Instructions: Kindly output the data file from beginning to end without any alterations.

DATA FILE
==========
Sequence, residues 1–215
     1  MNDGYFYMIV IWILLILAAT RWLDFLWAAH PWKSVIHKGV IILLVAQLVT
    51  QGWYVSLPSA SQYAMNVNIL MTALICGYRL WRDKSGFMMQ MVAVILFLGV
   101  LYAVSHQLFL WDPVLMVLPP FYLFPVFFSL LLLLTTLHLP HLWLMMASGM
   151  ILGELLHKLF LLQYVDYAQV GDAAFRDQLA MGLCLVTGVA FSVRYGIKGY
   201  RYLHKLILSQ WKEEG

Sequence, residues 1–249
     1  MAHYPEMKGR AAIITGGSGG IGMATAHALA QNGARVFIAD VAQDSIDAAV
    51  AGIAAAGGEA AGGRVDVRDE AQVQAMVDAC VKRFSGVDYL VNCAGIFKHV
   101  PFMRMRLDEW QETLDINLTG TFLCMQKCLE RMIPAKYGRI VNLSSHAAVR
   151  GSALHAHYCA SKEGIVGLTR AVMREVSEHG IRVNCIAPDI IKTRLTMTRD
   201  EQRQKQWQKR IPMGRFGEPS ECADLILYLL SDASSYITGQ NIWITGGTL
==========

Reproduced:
Sequence, residues 1–215
     1  MNDGYFYMIV IWILLILAAT RWLDFLWAAH PWKSVIHKGV IILLVAQLVT
    51  QGWYVSLPSA SQYAMNVNIL MTALICGYRL WRDKSGFMMQ MVAVILFLGV
   101  LYAVSHQLFL WDPVLMVLPP FYLFPVFFSL LLLLTTLHLP HLWLMMASGM
   151  ILGELLHKLF LLQYVDYAQV GDAAFRDQLA MGLCLVTGVA FSVRYGIKGY
   201  RYLHKLILSQ WKEEG

Sequence, residues 1–249
     1  MAHYPEMKGR AAIITGGSGG IGMATAHALA QNGARVFIAD VAQDSIDAAV
    51  AGIAAAGGEA AGGRVDVRDE AQVQAMVDAC VKRFSGVDYL VNCAGIFKHV
   101  PFMRMRLDEW QETLDINLTG TFLCMQKCLE RMIPAKYGRI VNLSSHAAVR
   151  GSALHAHYCA SKEGIVGLTR AVMREVSEHG IRVNCIAPDI IKTRLTMTRD
   201  EQRQKQWQKR IPMGRFGEPS ECADLILYLL SDASSYITGQ NIWITGGTL